Jack Nelson. Terror in the Night: The Klan's Campaign against the Jews. Jackson: University Press of Mississippi, 1996. 287 pp. $16.00 (paper), ISBN 978-0-87805-907-2.
Reviewed by Suzanna Hicks (University of Florida)
Published on H-Antisemitism (December, 1996)
Terror and Entrapment
In very readable fashion, Pulitzer Prize-winning journalist Jack Nelson recounts the 1960s Ku Klux Klan campaign against the Jews in Mississippi and exposes an FBI ambush that resulted in a woman's death and the capture of a bomb-planting terrorist. Expanding on a 1970 front page Los Angeles Times article entitled, "Police Arrange Trap: Klan Terror Is Target," Nelson writes an engrossing account of events leading to the shootout and elaborates on the personalities involved. Like a skilled novelist he provides character sketches of rabbis, police detectives, Klansmen and Klanswomen, informants, and government officials that capture a reader's attention. The second part of the book attempts to heighten the sense of reality with an exhaustive explanation of Nelson's motives, sources, and a rundown of where the key players of this true life drama are today. The aim of the book is to describe the KKK's shift of attention from the Black community in the South to the Jewish community and then to charge the FBI with entrapment. And, further, he claims that funds raised by the Anti-Defamation League of the B'nai B'rith (ADL) for the specific purpose of hiring informants to solve the case actually were used instead to finance a deadly ambush.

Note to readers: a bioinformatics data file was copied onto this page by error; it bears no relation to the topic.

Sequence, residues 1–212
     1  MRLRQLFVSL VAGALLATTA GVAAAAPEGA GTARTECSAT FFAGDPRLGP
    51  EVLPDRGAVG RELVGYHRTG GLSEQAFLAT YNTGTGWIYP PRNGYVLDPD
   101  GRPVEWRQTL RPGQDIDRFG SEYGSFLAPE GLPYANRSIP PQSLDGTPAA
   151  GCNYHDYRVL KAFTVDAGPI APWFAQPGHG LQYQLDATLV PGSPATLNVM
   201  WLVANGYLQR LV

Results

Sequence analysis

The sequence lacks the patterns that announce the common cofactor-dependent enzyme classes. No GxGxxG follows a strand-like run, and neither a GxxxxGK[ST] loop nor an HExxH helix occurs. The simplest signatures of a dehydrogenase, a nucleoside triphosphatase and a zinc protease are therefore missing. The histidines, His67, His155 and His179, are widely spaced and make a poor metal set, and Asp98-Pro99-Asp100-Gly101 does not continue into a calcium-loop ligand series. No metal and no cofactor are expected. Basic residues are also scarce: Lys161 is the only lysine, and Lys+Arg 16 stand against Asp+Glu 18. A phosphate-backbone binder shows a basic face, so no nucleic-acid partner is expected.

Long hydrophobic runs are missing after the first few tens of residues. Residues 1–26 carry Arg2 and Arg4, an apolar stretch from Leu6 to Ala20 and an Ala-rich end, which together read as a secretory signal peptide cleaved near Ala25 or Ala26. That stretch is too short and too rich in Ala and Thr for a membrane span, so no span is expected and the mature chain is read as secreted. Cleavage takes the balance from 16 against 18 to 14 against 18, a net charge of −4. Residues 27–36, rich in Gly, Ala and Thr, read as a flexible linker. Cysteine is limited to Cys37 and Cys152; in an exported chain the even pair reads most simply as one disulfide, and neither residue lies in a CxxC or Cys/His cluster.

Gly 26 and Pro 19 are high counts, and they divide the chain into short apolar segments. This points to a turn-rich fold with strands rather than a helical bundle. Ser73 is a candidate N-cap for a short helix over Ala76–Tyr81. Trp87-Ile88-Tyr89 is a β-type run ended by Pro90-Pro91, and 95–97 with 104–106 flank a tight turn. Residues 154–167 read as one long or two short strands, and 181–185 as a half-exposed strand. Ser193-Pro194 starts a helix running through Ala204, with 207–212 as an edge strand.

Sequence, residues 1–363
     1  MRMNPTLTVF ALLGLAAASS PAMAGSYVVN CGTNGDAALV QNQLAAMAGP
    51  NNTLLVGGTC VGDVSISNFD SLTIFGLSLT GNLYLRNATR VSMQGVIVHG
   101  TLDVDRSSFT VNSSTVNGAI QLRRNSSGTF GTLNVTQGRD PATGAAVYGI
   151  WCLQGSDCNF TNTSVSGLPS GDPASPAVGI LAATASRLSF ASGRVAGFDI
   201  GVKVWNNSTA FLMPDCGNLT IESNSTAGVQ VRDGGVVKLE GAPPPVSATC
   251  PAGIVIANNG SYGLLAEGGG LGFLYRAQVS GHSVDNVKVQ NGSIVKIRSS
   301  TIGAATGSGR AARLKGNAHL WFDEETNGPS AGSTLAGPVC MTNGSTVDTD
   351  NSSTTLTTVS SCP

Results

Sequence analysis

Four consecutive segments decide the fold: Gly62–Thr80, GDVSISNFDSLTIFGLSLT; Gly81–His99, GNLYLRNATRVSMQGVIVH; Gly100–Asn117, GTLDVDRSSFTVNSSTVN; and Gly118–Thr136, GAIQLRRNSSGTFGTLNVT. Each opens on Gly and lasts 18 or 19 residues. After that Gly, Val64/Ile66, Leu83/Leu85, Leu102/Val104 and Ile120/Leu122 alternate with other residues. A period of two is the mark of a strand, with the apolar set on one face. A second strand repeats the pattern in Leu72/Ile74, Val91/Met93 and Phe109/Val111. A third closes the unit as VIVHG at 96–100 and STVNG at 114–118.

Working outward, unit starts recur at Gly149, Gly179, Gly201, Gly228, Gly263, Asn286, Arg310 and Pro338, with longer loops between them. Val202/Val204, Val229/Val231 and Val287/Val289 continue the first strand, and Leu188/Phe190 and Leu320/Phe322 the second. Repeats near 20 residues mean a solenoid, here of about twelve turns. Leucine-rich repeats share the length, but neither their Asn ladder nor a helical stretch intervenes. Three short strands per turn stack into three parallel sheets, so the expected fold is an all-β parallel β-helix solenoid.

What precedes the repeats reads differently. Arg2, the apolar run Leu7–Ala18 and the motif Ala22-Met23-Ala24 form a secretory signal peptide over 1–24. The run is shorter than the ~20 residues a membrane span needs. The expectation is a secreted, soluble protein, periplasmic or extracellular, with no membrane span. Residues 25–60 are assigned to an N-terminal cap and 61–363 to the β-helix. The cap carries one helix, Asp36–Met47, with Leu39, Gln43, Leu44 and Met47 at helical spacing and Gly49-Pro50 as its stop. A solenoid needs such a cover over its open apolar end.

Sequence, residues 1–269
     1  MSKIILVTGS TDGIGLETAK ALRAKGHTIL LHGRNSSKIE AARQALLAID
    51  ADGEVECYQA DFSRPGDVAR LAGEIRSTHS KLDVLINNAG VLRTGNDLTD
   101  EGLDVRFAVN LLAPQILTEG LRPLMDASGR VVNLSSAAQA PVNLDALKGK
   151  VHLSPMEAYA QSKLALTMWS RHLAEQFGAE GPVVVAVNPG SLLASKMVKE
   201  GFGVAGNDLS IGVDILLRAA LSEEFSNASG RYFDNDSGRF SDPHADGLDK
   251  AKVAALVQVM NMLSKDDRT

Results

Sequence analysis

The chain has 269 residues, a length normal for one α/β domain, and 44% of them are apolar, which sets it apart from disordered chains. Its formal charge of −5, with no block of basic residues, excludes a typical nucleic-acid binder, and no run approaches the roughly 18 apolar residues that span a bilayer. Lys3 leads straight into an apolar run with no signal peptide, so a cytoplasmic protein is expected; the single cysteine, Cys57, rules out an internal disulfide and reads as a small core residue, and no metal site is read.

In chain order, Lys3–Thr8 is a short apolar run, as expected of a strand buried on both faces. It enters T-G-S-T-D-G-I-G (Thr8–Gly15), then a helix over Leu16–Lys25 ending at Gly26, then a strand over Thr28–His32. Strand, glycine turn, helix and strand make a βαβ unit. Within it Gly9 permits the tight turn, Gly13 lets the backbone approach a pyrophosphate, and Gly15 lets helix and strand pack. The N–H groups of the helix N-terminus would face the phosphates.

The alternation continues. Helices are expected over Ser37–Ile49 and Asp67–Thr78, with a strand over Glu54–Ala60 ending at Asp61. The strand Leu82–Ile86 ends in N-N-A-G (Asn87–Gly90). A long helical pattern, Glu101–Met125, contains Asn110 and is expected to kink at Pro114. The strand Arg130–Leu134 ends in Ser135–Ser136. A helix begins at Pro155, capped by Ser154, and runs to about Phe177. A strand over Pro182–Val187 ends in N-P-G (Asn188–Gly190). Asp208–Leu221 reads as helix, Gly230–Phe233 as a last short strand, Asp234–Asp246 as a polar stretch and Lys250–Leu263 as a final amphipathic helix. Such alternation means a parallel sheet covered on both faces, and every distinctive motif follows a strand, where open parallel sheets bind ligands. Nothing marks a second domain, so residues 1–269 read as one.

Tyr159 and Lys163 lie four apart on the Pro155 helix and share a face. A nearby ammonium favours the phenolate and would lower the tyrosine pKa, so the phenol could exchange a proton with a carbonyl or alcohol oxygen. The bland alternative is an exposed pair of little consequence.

According to Nelson, Southern Jews were for the most part assimilated and indistinguishable from their segregationist neighbors. While "roughly 50 percent of all the [civil rights] demonstrators and about 70 percent of the lawyers who represented them" were Northern Jews, Southern Jews were primarily interested in keeping a low profile. Nelson states that the influx of Jewish activists from the North "made it much harder for Southern Jews to remain inconspicuous" (p. 43). Rabbi Perry Nussbaum of Temple Beth Israel in Jackson wrestled with his own conscience in balancing his support for civil rights and the very real concerns of his congregation about Klan retaliation. The concerns were justified. Both the synagogue and Rabbi Nussbaum's home were bombed by the Klan after he began actively supporting civil rights for Blacks.
The vocal outrage of the general population after the bombings of Jewish targets was swift, and Nelson insists repeatedly that hundreds of Black churches had already been bombed by the Klan without evoking this sort of sympathy. But when the Klan began going after the (white) Jewish community, apparently that was something different. This element of the story is disturbing and suggests that law enforcement and government agencies began making progress against Klan activity only after the Jewish community was targeted. Following the bombings the ADL publicly called for a swift investigation and apprehension of the criminals. Funds were raised by the Jewish community, and the FBI and local law enforcement joined forces in an effort to close the case and end the bombings. This is what the public saw and approved. But what happened behind the scenes, Nelson asserts, is that the FBI used illegal tactics to set up an ambush with the intention of executing the Klan members on the spot.